by Gelongma Karma Migme Chödrön | 2001 | 941,039 words
This page describes “benefits of loving-kindness (maitri or metta)” as written by Nagarjuna in his Maha-prajnaparamita-sastra (lit. “the treatise on the great virtue of wisdom”) in the 2nd century. This book, written in five volumes, represents an encyclopedia on Buddhism as well as a commentary on the Pancavimsatisahasrika Prajnaparamita.
Note: This Appendix is extracted from a note from Chapter XXXIII, Fruits of the immeasurables (apramāṇa):
i) he is not burned if he enters fire (agni);
ii) he does not die if he swallows poison (viṣa);
iii) the soldier’s sword does not wound him;
iv) he will not die a violent death;
v) the good gods protect him.
Having been of benefit to innumerable beings (apramāṇa-sattva), he receives immense merit (apramāṇa-puṇya). By virtue of this immeasurable mind of impure order that has beings as object, he is reborn in a pure place, namely, the form realm (rūpadhātu).”
Five benefits in the sūtra cited by the Vibhāṣā, T 1545, k. 83, p. 427a6–7; eight benefits according to Anguttara, IV, p. 150; eleven benefits according to Anguttara, V, p. 342; Vinaya, V, p. 140; Paṭisambhidā, II, p. 130; Milinda, p. 198; Visuddhimagga, p. 253.
Anguttara, V, p. 342 (Tseng yi a han, T 125, k. 47, p. 806a17–806b3; Che yi siang sseu nien jou lai, T 861a23–b7):
Mettāya cetovimuttiyā āsevitāya… ekādasānisaṃsā pātikaṅkhā… Sukhaṃ supati, sukham paṭibujjhati, na pāpakaṃ supinaṃ passati, manussāsaṃ piyo hoti, amanussānaṃ piyo hoti, devatā rakkhanti, nāssa aggi vā visaṃ vā satthaṃ vā kamati, tuvaṭaṃ cittaṃ samādhiyati, mukavaṇṇo vippasīdati, asammūḷho kālaṃ karoti, uttariṃ appativijjhanto brahmalokūpago hoti.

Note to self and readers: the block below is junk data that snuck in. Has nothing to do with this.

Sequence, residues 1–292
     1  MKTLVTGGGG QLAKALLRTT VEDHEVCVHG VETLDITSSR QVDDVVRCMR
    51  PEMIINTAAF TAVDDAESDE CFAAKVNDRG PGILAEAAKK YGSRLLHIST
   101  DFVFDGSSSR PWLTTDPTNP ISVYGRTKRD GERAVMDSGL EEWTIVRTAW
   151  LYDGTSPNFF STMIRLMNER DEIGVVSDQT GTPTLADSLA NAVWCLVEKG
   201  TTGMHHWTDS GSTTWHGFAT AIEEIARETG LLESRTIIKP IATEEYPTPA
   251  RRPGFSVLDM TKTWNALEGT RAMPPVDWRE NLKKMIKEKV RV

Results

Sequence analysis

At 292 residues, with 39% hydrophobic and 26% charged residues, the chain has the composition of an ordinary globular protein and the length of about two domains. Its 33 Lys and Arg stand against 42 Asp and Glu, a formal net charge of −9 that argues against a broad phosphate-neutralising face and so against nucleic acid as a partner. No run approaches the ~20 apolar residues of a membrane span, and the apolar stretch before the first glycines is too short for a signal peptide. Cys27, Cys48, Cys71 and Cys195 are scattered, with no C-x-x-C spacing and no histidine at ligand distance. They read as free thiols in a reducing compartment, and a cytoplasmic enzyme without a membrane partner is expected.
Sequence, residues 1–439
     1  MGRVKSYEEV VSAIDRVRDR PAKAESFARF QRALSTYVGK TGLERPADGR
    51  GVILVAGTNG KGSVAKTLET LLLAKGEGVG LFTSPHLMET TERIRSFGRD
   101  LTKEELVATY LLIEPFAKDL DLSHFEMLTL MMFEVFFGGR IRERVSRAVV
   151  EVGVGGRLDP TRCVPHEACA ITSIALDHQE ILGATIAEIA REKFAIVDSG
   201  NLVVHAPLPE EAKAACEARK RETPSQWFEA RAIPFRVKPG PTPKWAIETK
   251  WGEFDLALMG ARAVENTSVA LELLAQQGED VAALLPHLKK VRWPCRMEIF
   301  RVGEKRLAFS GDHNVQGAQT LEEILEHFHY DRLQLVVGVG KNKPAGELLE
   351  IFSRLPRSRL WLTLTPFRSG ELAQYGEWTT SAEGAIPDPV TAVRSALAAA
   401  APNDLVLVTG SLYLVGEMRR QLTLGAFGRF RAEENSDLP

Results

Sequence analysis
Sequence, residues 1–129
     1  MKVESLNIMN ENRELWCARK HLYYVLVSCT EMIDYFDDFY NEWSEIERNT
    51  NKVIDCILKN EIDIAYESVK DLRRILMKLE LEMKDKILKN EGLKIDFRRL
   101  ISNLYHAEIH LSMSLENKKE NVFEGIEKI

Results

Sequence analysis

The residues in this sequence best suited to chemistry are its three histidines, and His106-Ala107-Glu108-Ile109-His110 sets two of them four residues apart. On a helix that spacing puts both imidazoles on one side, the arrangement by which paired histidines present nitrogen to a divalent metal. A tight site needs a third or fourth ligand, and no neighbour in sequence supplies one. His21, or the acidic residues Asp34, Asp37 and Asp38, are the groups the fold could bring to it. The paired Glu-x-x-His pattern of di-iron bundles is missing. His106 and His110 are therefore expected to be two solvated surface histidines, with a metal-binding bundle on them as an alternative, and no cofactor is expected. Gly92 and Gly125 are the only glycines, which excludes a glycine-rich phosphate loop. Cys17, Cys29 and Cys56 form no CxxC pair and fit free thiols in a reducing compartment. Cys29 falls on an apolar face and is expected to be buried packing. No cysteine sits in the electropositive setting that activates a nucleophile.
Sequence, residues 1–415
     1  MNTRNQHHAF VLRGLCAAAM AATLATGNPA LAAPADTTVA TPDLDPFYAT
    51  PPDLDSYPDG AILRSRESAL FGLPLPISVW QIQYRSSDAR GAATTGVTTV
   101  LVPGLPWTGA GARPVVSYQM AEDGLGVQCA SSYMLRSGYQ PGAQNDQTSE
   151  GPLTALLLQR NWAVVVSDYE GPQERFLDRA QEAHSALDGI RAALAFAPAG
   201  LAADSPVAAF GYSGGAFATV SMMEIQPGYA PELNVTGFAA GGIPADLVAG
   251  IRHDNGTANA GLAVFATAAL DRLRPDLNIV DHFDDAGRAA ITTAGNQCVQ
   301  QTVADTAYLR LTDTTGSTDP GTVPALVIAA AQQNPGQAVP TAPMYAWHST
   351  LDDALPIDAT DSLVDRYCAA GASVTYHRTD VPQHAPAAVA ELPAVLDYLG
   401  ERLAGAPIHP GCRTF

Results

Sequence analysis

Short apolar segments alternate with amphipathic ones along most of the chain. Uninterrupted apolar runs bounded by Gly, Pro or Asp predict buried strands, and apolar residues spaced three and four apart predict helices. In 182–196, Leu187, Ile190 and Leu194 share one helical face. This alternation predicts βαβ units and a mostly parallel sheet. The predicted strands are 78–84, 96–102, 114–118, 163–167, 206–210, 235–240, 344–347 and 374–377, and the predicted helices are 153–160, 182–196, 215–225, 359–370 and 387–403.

If the liberation of the mind consisting of loving-kindness (maitrī) is observed and cultivated, eleven benefits are in store:
1) The benevolent person sleeps happily;
2) he awakes happy;
3) he has no bad dreams;
4) he is dear to humans;
5) he is dear to non-humans;
6) the gods protect him;
7) fire, poison and the knife do not harm him;
8) his mind becomes concentrated quickly;
9) his face is serene;
10) he dies without worry;
11) if he goes no higher, [after death] he wins the world of the Brahmā gods.
The reservation uttariṃ appaṭijjhanto ‘if he does not penetrate any higher’, i.e., ‘if he is incapable of attaining the state of arhat’ (arahattaṃ adhigantuṃ asakkonto) is necessary as it permits one to understand that loving-kindness (maitrī) can, by way of exception, accede to the supreme fruit of the religious life. But judging from the Chinese versions, this reservation does not appear in the Sanskrit āgamas.
The sūtra on the eleven benefits of maitrī is fully commented on, with supporting stories, in Visuddhimagga, ed. Warren, p. 258–260. See also Manorathapūraṇi, V, p. 82–84.